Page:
Sunday, 13 September 2009

British Library

It is a nest of the many alone,
All drawn to the honeycomb honeytrap -
Each grub has a cell with a single chair
And wireless umbilical wires one in.
Only a wanderer may spot the world
In laptop facets of the compound eye.
None leave nothing achieved solo again,
Progress mired by ink-trailed squared stacked paper.

And two found it.  One another.  Lips press
And smiles spread like wings filling the great room
As sunlight pouring through cathedral glass
Making beauty of a tawdry husk of stone.

I left smiling.  Industry unaided
Did not enjoin such cheerful joy so shared .

Day of writing.

When I was at the NPG the other day, I was browsing in the gift shop trying not to buy too many postcards.  I picked up Thom Gunn's The Man With Night Sweats just to flick through while I was there. The poems of his I've read have been good, but nothing has gripped me absolutely. Then I found the following, after which the book came away with me:

Barren Leaves
Spontaneous overflows of powerful feeling:
Wet dreams, wet dreams, in libraries congealing.

That's all there is of it, just those two lines. The first is a quotation from Wordsworth's 'Preface to the Lyrical Ballads', which can be regarded as one of the first attempts to define what poetry should be in the modern age. Gunn's irreverent second line subverts the high minded Romantic ideal of poetry, poking fun at the old master and his own profession. It reinterprets poetry for our time, basely humanising it. The feminine rhyme in the couplet underlines the self-deprecating mood, as does the title - written down, left on shelves, and poetry loses its immediacy. A spurt of emotion, left for others to re-invigorate or not as they choose. Gunn even seems to be suggesting that those overflows of feeling, like spent semen, is un-recoverable. I love it.

And THEN, there were more, still about writing.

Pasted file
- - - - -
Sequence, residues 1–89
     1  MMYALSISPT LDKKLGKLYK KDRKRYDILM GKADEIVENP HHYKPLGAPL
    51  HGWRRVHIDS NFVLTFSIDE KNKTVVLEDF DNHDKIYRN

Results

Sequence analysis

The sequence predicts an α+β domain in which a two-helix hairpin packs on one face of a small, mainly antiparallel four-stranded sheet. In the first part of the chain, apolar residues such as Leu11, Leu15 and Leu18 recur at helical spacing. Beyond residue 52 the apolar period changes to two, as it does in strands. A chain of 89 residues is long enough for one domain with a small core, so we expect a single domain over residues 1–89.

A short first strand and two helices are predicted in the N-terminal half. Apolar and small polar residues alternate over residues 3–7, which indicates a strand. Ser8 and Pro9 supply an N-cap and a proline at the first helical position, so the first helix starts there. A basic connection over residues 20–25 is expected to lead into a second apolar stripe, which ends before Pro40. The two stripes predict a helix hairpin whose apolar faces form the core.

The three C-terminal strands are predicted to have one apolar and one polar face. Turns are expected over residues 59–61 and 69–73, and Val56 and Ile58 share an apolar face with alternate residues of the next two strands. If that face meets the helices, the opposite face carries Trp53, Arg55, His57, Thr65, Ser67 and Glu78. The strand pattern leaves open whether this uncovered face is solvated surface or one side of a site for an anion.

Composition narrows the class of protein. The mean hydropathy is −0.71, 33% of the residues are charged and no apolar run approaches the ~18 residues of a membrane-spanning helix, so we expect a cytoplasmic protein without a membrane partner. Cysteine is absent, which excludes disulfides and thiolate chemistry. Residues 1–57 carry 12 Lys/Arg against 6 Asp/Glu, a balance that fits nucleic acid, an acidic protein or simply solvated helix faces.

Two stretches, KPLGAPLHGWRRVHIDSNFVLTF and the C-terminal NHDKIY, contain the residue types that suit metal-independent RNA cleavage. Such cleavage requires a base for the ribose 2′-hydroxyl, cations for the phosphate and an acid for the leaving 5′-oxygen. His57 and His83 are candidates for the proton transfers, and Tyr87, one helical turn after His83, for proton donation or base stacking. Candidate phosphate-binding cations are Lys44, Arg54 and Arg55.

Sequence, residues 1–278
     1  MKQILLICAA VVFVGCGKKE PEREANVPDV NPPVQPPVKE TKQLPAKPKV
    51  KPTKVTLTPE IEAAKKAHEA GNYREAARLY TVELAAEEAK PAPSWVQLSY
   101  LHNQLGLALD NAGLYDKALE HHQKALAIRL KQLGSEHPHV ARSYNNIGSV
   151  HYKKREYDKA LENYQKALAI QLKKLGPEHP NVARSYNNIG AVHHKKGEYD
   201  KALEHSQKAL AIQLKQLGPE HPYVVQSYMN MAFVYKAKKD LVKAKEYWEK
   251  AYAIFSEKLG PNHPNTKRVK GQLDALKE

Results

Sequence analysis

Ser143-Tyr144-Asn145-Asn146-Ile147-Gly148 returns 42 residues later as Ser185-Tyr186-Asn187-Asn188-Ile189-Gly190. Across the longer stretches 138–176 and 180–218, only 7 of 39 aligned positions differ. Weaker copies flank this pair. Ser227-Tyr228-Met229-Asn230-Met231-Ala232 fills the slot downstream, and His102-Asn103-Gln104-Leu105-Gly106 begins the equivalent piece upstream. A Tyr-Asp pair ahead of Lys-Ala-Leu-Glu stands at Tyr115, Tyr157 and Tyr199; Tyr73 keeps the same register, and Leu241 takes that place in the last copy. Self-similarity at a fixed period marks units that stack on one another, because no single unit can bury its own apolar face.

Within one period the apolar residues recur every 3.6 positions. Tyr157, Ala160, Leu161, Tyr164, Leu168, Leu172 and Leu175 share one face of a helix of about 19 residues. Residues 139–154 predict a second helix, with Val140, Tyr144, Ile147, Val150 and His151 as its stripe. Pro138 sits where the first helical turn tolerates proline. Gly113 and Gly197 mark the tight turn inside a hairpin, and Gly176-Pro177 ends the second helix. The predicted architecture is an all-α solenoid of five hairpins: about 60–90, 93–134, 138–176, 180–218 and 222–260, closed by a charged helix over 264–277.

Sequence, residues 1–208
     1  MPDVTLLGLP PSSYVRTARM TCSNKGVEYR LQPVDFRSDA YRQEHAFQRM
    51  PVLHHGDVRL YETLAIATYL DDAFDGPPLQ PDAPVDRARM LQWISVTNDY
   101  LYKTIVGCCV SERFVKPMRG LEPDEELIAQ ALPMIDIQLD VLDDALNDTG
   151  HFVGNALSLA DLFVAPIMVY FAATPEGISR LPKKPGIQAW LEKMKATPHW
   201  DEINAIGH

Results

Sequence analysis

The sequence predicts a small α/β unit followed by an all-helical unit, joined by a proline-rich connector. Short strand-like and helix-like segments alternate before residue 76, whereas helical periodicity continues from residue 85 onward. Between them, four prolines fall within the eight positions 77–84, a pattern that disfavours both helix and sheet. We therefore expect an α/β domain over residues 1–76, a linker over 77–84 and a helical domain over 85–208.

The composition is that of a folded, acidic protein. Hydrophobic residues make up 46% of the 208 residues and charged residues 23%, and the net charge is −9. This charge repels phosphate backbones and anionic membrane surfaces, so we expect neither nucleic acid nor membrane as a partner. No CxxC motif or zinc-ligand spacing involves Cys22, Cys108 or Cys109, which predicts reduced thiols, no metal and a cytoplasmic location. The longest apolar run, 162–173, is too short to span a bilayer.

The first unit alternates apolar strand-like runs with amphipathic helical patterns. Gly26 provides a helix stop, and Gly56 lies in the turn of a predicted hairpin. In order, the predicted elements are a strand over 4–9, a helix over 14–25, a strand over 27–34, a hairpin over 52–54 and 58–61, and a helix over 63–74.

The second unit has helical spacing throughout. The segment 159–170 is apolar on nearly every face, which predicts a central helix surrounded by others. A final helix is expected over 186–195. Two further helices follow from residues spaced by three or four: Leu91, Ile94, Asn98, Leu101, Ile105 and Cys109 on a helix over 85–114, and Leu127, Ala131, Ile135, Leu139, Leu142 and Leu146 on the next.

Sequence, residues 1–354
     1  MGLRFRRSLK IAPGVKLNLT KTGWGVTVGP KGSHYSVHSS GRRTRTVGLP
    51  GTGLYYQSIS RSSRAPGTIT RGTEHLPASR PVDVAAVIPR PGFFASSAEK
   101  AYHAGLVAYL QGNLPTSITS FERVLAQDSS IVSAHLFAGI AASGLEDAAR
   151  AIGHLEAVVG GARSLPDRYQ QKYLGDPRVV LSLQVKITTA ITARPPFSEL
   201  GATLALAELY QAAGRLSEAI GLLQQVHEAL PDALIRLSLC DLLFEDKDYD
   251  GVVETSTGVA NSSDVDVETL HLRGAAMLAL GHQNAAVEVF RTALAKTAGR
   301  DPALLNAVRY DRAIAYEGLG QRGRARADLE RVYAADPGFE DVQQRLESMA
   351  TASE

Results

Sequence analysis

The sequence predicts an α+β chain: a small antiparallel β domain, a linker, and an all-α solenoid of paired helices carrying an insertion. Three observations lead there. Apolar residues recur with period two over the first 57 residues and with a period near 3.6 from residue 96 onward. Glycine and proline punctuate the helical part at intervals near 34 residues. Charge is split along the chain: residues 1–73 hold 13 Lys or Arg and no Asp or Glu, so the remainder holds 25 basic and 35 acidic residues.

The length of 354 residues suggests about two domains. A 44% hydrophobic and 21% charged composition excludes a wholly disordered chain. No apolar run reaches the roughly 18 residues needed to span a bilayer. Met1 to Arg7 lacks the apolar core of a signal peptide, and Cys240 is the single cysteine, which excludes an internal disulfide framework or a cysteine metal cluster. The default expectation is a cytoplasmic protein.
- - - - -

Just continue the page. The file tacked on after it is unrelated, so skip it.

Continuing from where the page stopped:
He concentrated, as he ought,
On fitting language to his thought
And getting all the rhymes correct,
Thus exercising intellect
In such a space, in such a fashion,
He concentrated into passion.

This time, it's a much more positive picture of poetry - the compression of thought into language results in 'passion' at the end. The writer character in this poem succeeds in creating something. Refining thought into poetry. The full Wordsworth quotation given in part in 'Barren Leaves' is as follows:

"Poetry is the spontaneous overflow of powerful feelings: it takes its origin from emotion recollected in tranquillity: the emotion is contemplated till by a species of reaction the tranquillity gradually disappears, and an emotion, kindred to that which was before the subject of contemplation, is gradually produced, and does itself actually exist in the mind."*

Gunn's poem describes this process almost exactly.

Finally, another two-liner:

Their relationship consisted
In discussing if it existed.

I assume the title refers to Henry James...whose work I have never read. Anyone who makes a point of style out of long sentences doesn't immediately attract me to read him. But I do know that his novels spend a lot of time examining personal relationships...navel gazing, really. Gunn's couplet here doesn't make me any more likely to read any James, it has to be said. But it's an interesting concept of a relationship and the traps that it might be possible to fall into - style over substance, and all that. Too much thinking and not enough living.